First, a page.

A Kazakh resources company wants to buy African mining assets. Where does it go for advice - London, New York or Hong Kong?
None of the above, if Hasnen Varawalla has his way.
Varawalla is head of corporate finance at Renaissance Capital, Russia's biggest home-grown investment bank, which has forged an exclusive co-operation agreement for cross-border mergers and acquisitions with Kotak Investment Banking, a unit of Kotak Mahindra Bank.
The alliance, unveiled in Mumbai on Tuesday, aims to use Renaissance's franchise in Russia, the former Soviet Union and Africa and Kotak's Indian experience to help big companies from those countries buy into each other's markets.
"It's an idea whose time has come," said Varawalla, who left Credit Suisse to join Renaissance in Moscow three years ago, adding the alliance will rival global "bulge bracket" investment banks, who already have a strong presence in the same markets.
Citing a string of recent deals, such as Russian conglomerate Sistema's purchase of Indian telecom player Shyam, Gazprom's oil well development in the Bay of Bengal or Indian player ONGC's takeover of Imperial Energy for its Russian and Kazakh energy assets, Varawalla says the hunger by big developing world companies to buy into each other's markets is growing.
"Companies from this part of the world specialise in low-cost business models," he explains. "They know how to run things on a shoestring. For expansion into Africa, companies from the emerging world are that much stronger."
And the old model whereby acquisitive and ambitious emerging market companies automatically looked only to big Western banks for help is already history, he says.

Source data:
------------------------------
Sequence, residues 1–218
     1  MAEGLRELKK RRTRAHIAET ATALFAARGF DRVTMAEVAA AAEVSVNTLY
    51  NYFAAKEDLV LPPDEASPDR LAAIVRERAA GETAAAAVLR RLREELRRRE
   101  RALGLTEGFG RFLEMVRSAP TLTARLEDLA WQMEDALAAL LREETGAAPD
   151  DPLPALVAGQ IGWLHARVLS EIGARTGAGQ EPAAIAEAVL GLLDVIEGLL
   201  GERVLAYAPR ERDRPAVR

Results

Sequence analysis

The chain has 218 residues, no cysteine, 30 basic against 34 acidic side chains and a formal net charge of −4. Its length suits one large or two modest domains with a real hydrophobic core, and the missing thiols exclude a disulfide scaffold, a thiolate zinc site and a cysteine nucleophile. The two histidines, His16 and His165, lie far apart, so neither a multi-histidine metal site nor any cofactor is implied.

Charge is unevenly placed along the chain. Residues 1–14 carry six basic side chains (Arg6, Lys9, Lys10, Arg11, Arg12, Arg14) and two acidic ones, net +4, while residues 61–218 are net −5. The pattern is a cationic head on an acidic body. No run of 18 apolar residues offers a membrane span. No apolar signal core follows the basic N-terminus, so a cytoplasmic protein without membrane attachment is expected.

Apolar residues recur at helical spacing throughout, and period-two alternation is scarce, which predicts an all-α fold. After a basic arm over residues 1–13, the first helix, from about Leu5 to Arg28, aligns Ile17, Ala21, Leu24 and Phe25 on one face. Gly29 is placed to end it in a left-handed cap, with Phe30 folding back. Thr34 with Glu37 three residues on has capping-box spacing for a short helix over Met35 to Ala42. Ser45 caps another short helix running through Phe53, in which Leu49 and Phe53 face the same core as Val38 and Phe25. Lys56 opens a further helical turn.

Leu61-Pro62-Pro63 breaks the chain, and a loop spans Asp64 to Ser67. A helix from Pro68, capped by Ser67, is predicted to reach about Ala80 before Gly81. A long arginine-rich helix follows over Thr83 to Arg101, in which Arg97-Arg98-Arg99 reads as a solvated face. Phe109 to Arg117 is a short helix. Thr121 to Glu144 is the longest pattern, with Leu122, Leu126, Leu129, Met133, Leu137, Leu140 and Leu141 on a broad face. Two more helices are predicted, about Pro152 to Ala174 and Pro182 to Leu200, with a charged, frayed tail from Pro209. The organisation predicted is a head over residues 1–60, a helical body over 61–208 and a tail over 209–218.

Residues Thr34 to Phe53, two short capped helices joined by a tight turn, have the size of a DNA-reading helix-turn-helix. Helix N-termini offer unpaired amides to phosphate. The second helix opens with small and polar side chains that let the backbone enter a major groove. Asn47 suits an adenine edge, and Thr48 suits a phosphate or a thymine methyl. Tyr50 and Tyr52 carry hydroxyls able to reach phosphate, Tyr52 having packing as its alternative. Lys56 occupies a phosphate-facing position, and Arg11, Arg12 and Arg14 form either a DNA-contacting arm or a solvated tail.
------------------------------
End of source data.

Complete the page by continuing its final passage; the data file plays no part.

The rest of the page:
Multinational banks are "less and less the only source of cross-border investment and M&A within emerging markets", he said.
"Increasingly this flow is between emerging markets," he said adding the Renaissance-Kotak combination will appeal because clients will appreciate what he says is the local players' deeper knowledge of their markets and better coordination.
Varawalla believes that resources are the most obvious sector for such cross-emerging market deals "but by no means the only one".
He suggests telecommunications, the defence industry, construction, IT outsourcing, infrastructure and the banking sector as other promising areas for Indian, Russian and African players to seek assets and tie-ups.
"Indian financial companies have been active in Africa for the last 60 or 70 years," he said. "There is now an opportunity for them to grow and expand."
In the resources sector, Indian companies have some catching up to do in Africa, where Varawalla says they are well behind the Chinese, who have announced deals valued at $20 billion in the continent in the last 12-18 months.
No equity is changing hands for the co-operation deal between Renaissance and Kotak and fees will be split in proportion to their contributions to transactions they make.
Varawalla declined to specify targets for how much business the venture, which has no dedicated employees, is meant to bring in during its first years.
Wearing his corporate finance hat, he also sees a wave of new equity offerings from the markets Renaissance serves over the next year as the global appetite for risk returns.
"A lot of companies who had plans on hold will come to market next year," he said. "I suspect 2010 will be a strong year."